Loki’s transformation into a mare was largely done for self protection and might be viewed as a cowardly act; I can quite easily imagine him saying ‘You wouldn’t hit a woman would you?’ while batting preposterously long horsey-lashes.  It is the birth of Sleipnir that changes an impressive trick into something much more awe-inspiring; Loki takes on not just the semblance of the mare but also her ability to bring new life into the world. 

My own personal work with Loki suggests that he has fully mastered the seductive arts more traditionally ascribed to female deities of love and sensuality (and you should be aware of this when you work with him as he will use every charm going to get what he wants).  He is also unerringly drawn to finding the weaknesses, prejudices and vulnerabilities of the world and ripping them open.  Why should women keep all the fun to themselves?  Why should men fear to explore their feminine sides?  While much of what he does reflects his trickster nature, the trickster is also able to expose the foolishness of the world and its rulers.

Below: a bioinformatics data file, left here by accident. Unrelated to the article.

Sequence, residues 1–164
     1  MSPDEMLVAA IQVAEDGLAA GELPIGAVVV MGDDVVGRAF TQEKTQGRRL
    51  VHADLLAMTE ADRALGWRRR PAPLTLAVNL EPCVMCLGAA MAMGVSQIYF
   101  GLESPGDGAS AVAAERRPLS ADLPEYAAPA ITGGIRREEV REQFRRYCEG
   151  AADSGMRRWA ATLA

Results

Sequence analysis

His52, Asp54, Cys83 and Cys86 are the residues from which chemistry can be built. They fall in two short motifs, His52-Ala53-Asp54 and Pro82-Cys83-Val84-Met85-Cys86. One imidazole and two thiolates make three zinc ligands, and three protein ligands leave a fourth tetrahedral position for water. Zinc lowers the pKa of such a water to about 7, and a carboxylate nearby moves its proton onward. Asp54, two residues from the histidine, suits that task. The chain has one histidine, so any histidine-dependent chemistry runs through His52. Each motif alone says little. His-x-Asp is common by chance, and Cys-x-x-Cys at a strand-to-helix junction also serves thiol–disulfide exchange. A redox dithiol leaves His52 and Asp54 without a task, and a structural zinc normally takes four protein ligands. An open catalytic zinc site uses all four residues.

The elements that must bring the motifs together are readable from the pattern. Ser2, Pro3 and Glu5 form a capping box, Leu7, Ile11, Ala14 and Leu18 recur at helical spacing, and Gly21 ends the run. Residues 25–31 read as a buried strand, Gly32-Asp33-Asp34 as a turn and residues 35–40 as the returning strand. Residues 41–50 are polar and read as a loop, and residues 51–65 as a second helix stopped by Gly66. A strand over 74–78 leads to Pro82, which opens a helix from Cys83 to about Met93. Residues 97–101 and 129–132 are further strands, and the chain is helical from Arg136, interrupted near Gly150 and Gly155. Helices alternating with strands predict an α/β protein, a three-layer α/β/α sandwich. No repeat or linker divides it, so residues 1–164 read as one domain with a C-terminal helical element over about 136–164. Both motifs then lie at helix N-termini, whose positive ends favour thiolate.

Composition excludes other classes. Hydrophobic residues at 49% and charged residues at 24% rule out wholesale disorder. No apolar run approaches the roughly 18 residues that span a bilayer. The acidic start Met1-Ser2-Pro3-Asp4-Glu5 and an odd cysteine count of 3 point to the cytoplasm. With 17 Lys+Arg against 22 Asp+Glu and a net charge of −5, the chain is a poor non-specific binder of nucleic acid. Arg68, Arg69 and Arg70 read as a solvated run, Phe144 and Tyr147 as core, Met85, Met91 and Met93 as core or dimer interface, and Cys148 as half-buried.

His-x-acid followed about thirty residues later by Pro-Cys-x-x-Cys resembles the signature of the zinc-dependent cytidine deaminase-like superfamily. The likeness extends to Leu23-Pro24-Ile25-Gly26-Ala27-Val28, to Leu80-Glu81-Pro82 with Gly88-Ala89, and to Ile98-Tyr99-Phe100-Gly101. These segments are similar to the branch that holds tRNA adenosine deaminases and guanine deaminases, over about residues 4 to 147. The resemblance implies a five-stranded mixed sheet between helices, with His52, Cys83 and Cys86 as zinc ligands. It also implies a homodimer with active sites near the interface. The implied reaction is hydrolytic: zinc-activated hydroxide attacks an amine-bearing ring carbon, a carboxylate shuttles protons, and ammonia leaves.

Loki and Berkano

It is quite possible that the reference in the rune poem to Loki being fortunate in his deceit relates to a long forgotten myth in which Loki hides within the abundant leaves of the birch tree.  We might see an echo of the cowardly behaviour of the trickster god turning into a mare here; in this forgotten legend he hides within the leaves of the lithe and feminine birch tree, patron tree of young girls.  But we might also look more deeply at what this means about Loki. Why does the tree protect him? Why does the female form protect him?  The mysteries of the Berkano rune are tied up not just with the abundance of the green leaves, but also with the protection they afford.  Berkano is the apron of the protective mother, the womb in which the baby grows strong, the embrace of the earth where we lay our dead.  It has a veiling quality, a hidden aspect: within its buxom triangular form it guards the hidden spaces of women and young children and keeps them safe.